Theatre Review: Big Bad Wolf

Big Bad Wolf is not about the evil creature that you think you already know; he is simply just a misunderstood character!

Presented by Windmill Theatre Co
Reviewed 11 October 2017

This should be a tale that we all know, and a villain that we are familiar with. Big Bad Wolf is not about the evil creature that you think you already know; he is simply just a misunderstood character! Along with the help of his new friend Heidi Hood, Wolfy is here to determine that he is not one of the bad guys like the fairy tales might suggest.

A creative concept brought to us by Kaye Weeks and written by Matthew Whittet, Big Bad Wolf teaches the audience that Wolfy is not as he seems. Windmill Theatre Co has given us a delightful hour of both fun and adventure for the whole audience. This performance had many children on school holidays with their families, all who seemed to thoroughly enjoy the show. Director Rosemary Myers has ensured to make the most of the stage, set and her three-piece cast.

The set is a simple forest but used very effectively, along with Heidi Hood’s little house and Wolfy’s tree he lives underneath; credit here to Jonathon Oxlade for this design. Set pieces such as Heidi’s couch and Wolfy’s tree both come to life and brighten up the stage. Lighting design by Chris Petridis was perfect and gave the scenery just the right amount of attention, while sound design by Harry Covill was also used well during the opening with the sounds of the forest playing as the audience entered. There was only the one notable audio glitch during this performance, which the cast covered very well.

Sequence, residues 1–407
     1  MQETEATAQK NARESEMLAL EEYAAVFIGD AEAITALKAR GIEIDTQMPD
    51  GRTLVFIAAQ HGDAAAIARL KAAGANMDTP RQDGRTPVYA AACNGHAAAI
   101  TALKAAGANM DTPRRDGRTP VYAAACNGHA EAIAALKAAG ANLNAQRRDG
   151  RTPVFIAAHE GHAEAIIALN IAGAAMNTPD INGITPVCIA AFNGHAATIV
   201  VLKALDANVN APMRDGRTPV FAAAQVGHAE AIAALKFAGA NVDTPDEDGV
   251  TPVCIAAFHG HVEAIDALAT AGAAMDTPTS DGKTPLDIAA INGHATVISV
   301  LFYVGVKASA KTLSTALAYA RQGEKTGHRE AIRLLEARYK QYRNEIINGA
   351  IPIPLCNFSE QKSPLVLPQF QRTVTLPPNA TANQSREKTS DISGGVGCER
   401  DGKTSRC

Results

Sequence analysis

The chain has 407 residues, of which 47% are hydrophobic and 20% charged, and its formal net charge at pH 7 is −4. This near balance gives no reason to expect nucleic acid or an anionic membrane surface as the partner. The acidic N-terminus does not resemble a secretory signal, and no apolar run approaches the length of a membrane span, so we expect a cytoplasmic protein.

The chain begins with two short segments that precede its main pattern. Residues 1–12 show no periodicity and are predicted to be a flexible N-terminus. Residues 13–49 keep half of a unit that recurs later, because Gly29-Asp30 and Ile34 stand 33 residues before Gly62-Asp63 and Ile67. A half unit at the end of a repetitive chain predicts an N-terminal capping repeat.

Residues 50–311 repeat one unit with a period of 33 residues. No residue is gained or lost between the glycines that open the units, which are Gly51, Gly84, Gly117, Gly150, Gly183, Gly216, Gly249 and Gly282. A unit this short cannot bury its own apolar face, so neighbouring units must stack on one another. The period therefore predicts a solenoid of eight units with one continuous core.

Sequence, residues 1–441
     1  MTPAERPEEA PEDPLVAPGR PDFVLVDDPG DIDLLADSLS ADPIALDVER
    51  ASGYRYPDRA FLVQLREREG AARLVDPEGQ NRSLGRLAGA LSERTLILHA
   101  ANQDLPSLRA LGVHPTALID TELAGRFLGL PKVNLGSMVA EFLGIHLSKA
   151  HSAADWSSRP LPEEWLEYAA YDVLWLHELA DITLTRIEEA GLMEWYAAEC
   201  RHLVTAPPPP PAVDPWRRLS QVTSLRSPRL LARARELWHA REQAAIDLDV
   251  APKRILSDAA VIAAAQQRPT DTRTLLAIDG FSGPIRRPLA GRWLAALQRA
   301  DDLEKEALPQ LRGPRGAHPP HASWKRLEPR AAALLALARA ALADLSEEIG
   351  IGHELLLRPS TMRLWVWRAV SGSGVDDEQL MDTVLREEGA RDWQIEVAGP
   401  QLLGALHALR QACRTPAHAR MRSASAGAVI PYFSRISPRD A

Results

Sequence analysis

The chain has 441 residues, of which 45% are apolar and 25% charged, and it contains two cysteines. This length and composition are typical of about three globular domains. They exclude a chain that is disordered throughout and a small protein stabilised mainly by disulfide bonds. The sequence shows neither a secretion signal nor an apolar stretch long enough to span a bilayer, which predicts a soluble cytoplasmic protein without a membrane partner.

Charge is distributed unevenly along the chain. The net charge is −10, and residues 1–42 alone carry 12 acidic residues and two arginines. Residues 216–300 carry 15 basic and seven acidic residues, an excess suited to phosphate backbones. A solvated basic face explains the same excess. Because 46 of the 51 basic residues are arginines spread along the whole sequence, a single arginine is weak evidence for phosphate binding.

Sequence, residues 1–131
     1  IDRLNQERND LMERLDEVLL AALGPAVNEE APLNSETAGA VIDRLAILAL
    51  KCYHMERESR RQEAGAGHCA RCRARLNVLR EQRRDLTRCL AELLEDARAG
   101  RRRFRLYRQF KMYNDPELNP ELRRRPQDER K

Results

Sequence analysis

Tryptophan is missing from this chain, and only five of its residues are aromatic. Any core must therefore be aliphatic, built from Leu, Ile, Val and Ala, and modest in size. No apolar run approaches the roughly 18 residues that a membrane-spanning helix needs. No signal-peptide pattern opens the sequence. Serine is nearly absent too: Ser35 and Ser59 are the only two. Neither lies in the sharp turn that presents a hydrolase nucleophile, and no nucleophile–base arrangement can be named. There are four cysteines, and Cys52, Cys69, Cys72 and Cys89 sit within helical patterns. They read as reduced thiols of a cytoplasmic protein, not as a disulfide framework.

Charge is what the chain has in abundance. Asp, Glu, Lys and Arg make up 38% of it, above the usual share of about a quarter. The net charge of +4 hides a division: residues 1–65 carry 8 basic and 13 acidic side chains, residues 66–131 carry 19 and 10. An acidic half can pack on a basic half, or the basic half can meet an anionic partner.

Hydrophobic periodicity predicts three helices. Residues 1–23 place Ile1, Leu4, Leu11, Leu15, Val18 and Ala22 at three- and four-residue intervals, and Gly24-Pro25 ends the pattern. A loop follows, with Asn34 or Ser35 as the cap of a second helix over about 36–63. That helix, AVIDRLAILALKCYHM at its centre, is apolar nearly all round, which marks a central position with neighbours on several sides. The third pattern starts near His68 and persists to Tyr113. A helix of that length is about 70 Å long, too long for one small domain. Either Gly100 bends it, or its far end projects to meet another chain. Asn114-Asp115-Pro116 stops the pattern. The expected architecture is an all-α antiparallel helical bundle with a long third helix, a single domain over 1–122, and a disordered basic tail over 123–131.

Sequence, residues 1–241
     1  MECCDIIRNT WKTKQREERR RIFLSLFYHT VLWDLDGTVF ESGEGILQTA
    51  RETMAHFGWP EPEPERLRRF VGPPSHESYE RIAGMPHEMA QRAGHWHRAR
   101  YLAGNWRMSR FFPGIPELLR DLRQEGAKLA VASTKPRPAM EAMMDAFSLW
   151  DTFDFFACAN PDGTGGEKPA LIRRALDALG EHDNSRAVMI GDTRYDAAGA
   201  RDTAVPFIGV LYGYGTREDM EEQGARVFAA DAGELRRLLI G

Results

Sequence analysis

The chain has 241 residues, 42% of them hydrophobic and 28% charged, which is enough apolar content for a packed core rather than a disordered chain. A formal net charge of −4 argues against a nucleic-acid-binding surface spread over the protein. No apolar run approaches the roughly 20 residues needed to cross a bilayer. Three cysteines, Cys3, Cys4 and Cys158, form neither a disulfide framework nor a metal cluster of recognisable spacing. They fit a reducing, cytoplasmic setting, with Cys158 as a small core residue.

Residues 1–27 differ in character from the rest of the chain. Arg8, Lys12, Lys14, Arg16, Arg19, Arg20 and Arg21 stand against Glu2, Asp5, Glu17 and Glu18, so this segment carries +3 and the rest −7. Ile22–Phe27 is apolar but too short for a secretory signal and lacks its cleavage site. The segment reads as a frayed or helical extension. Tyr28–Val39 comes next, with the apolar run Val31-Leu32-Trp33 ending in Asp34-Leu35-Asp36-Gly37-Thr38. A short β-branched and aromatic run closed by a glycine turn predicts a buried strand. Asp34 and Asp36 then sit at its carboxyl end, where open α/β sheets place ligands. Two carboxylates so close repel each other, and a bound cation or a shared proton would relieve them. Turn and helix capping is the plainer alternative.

There are three actors on stage throughout this play, all giving their roles every bit of energy and fun making them all such likeable characters. Patrick Graham plays Wolfy, the misunderstood wolf, with such charm and charisma. He connects well with the audience and makes sure the children do not fear him. Heidi Hood is played by Emma J Hawkins, and she has plenty of spark and a fun nature to give Heidi exactly what her character needs. Together, Graham and Hawkins have great chemistry as two new friends, and they work well together.

Matilda Bailey is our Narrator, but she also has the task of playing all the minor roles throughout. She has a kind and friendly nature with the audience and gets to show her scary side as Wolfy’s Mother, while also being the voice over for several other characters. This trio of actors clearly all bounce off of each other well, to ensure each performance runs smoothly.

Windmill Theatre Co has delivered a fine play here that the audience clearly enjoyed. There is also a good message behind the show: that it is not always good to judge a book by its cover.

With the school holidays running, this is a perfect opportunity to get the kids along to enjoy this great show.

Reviewed by Daniel Knowles

Venue: Space Theatre, Adelaide Festival Centre
Season: 11 October – 21 October 2017
Duration: 50 mins
Tickets$25.00 Groups* 6+ $20.00 Family $80.00


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